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Nicotine may protect against severe COVID-19, Greek scientists support

Two studies released by researchers from Greece shed more light into the potential effects of nicotine on coronavirus infection. The first, published by researchers from the Laboratory of Molecular Biology and Immunology of the University of Patras in the peer-reviewed journal European Respiratory Journal, analyzed 11 cases series with a total of 11654 hospitalized COVID-19 patients from China and the US. They found that the prevalence of smoking was 1/5th the expected prevalence based on population smoking rates, even after the latter was strictly adjusted for age.

The authors suggest that nicotine is the only possible component of tobacco cigarette smoke that could offer protection. They hypothesize that the coronavirus attacks the nicotinic cholinergic receptors which are widely available in the lungs, the brain, the vascular wall, immune cells and other organs and systems. While the authors clearly state that “smoking cannot be considered protective for COVID-19 (or any other disease)”, pharmaceutical nicotine products are widely available and their role in COVID-19, protecting the function of cholinergic receptors, should be explored.

 In another study, released as pre-publication in Preprints, scientists from the University of Patras, the Agricultural University of Athens and the University of Thessaly used complex computational molecular docking models to examine the 3-dimensional structures of the coronavirus and the nicotinic acetylcholine receptors. They found that the virus can interact and bind to the receptors, potentially inhibiting their activity. The interaction site is similar to the site where snake venom toxins act on these receptors.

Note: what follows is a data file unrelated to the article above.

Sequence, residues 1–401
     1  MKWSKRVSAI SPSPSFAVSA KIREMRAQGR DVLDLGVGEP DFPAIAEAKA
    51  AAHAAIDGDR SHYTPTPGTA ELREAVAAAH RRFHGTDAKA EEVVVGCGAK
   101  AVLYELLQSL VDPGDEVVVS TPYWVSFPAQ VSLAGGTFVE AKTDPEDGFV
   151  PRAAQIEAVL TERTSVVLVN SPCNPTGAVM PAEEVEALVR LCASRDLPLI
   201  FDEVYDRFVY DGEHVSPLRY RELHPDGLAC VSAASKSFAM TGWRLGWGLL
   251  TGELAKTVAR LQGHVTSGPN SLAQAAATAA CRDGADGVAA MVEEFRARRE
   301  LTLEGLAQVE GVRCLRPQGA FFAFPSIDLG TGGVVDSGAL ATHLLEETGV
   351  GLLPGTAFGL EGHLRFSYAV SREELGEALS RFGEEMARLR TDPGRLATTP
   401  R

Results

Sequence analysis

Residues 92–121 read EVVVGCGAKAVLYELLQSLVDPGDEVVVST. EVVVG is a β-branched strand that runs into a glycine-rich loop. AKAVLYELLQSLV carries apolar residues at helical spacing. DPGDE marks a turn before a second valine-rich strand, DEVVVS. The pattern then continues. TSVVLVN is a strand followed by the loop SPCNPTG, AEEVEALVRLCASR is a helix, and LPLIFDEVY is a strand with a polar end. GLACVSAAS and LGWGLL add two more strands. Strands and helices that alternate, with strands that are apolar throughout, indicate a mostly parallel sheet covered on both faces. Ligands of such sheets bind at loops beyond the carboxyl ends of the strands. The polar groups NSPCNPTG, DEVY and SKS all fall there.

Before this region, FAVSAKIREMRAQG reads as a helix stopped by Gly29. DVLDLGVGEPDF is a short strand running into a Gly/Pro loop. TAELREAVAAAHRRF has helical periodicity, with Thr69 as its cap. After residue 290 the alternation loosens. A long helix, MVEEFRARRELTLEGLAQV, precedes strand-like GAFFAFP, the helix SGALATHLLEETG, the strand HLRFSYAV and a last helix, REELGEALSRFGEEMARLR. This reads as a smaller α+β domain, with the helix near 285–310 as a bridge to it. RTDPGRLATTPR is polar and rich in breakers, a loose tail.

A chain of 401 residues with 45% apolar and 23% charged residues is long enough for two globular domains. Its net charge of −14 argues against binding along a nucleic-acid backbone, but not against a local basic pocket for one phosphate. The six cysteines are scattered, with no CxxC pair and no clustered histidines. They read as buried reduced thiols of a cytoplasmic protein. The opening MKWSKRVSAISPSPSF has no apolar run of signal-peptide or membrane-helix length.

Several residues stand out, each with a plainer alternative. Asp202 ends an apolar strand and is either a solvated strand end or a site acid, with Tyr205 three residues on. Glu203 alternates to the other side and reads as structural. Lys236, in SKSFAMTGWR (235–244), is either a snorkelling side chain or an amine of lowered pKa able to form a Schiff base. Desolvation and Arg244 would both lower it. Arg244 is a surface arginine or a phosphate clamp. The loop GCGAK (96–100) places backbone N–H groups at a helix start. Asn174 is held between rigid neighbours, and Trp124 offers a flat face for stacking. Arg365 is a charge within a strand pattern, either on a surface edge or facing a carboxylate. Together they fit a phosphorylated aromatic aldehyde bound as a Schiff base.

Snake venoms are known to exert many of their adverse effects by inhibiting acetylcholine receptors activity. These receptors are part of the cholinergic anti-inflammatory pathway, a system that controls inflammatory response. It has been widely accepted that severe COVID-19 represent a hyper-inflammatory response, known as “cytokine storm”, and it is possible that failure to control the immune response may be, at least in part, due to disruption of nicotinic acetylcholine receptors. Nicotine could restore the function of these receptors and thus suppress the cytokine storm which is characteristic of severe COVID-19.

 Both studies were led by Dr Konstantinos Farsalinos and Prof Konstantinos Poulas from the Laboratory of Molecular Biology and Immunology of the University of Patras in Greece. They emphasized that smoking is clearly harmful and smokers should still be strongly encouraged to quit. However, pharmaceutical nicotine products or other nicotinic agonists are available and should be urgently tested in clinical trials. Until clinical trial results are available, people should not buy over the counter nicotine products for self-medication against COVID-19.